Many educators return to school in the fall prepared for a new year with fresh ideas and a renewed energy for teaching. However, we always dread those first weeks of data collection where we may see the effects of what is sometimes referred to as the “summer slide.” For some students, particularly those with special needs or learning disabilities, it is imperative that they receive repetitive practice with academic skills in order to retain what was taught. The child has to “use it or lose it.” Thus, as we quickly approach summer vacation, I would like to offer parents some ways to help their children practice academic skills throughout the summer and keep their young minds in working shape!
Tip #1: Limit Screen Time
The American Academy of Pediatrics recommends “Children and teens should engage with entertainment media for no more than one or two hours per day, and that should be high-quality content. It is important for kids to spend time on outdoor play, reading, hobbies, and using their imaginations in free play.”
Tip #2: Play Educational Games
Here is a list of easily made games your child can play at home that will help them with academic skills. They can easily be adapted to fit your child’s age and ability level.
Throw the Ball at the Letter
Tape letters (or sight words) to a wall and call out a letter for your child to throw the ball at. Your child gets a point for every letter he successfully hits. Bonus: your child will work on their gross motor skills too!
Sight Word Hop Scotch
This can easily be adapted to letters, skip counting, multiplication facts, etc. depending on your child’s level. Draw a basic hop scotch outline and fill it in with words your child has to hop to and call out loud.
Water Balloon Math
Draw math facts on water balloons. When your child solves the problem, they get to throw the water balloon!
Sight Word Dive
Write sight words on dive sticks if your child has access to the pool and can swim and have them dive for a specific word. Or, once they get the dive stick, they have to correctly read the word or throw it back!
Rhyming Bean Bag Toss
Attach three different words, with three different endings, to three different buckets (ex: cat, man, rug). On bean bags, have words with similar endings taped or written on the bean bag. The child has to toss the bean bag in the correct bucket to make rhyming pairs (ex: they would toss the bean bag that says “fat” into the bucket that says “cat”).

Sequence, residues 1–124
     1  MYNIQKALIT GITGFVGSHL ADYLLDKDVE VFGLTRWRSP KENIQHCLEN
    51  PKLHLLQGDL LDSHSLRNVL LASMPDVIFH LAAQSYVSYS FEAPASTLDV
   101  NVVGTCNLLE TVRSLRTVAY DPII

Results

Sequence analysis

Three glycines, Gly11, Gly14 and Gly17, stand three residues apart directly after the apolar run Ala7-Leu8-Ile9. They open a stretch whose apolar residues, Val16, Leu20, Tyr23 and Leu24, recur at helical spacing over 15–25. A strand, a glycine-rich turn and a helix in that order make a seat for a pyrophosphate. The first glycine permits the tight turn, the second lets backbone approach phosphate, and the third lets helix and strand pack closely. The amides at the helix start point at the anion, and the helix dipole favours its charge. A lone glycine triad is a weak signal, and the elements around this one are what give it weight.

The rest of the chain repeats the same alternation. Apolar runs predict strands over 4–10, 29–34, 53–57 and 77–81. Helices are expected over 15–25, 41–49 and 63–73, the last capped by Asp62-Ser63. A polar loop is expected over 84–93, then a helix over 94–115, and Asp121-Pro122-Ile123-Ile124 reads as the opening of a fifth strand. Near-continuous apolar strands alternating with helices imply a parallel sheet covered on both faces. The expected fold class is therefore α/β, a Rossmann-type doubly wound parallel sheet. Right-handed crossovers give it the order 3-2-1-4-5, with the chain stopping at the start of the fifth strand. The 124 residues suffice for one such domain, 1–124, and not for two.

Just like regular twister but instead of putting their arm on “red” they need to put their arm on the letter “b.” (Again, adapt to math or sight words, i.e., put your arm on the math fact that equals 15.)
Tip #3: Encourage Exploration and Adventure
A child exploring their own backyard is a great catalyst for a growing imagination. Remember all the time you spent outdoors as a child before the invention of ipads, smart phones, and 100 TV channels? Create scavenger hunts for your child or let them make those mud pies and dirt cake. Let them enjoy the beauty of the garden (even if it means one or two flowers get stomped on) or play with those critters.
Tip #4: Allow Your Child to be Bored
My friend and previous co-worker, who is now raising a toddler, believes in the power of allowing your child to be bored. She writes “boredom often sparks the best ideas and adventures through creativity.” Be wary, if your child gets too bored — that’s often when behaviors occur. But — if your child feels like they should be entertained every moment of every day, they will have difficulty at school when they are asked to attend to instruction or independently work. Such strong learning can happen when your child is required to be creative and explore naturally on their own.
Tip #5: Practical Application of Academic Skills
Some practical ways you can put your child’s skills to work:
- Lemonade sale: Helps your child practice social skills and money management.
- Baking: Helps your child review baking and hygiene skills.
- Grocery store/shopping: Helps your child with math, social and life skills.
Bonus Tip #6: Travel
Travel with your child this summer! This does NOT mean I’m suggesting you need to take your child on an African Safari or a European tour in order to be prepared for their upcoming school year. (Although I imagine those trips would be filled with worldly educational experiences — I myself have never been to either Africa or Europe!)
Travel with your child to the local park, library, or museum; Visit Grandma or Grandpa out of town (and on the car ride play the license plate or alphabet game!). As your child is given the opportunity to experience the world around them, they will naturally take in information from environmental stimuli. They will see, discover, and learn things they wouldn’t have had the opportunity to do just sitting at home.
Be present as you travel with your child. It is not enough to take your child to a museum and let them explore while you are on your own phone or ipad. Ask them inquisitive questions about what they see and what they like. Read books together at the library and help your child pick out books that are appropriate and interesting for their independent reading level.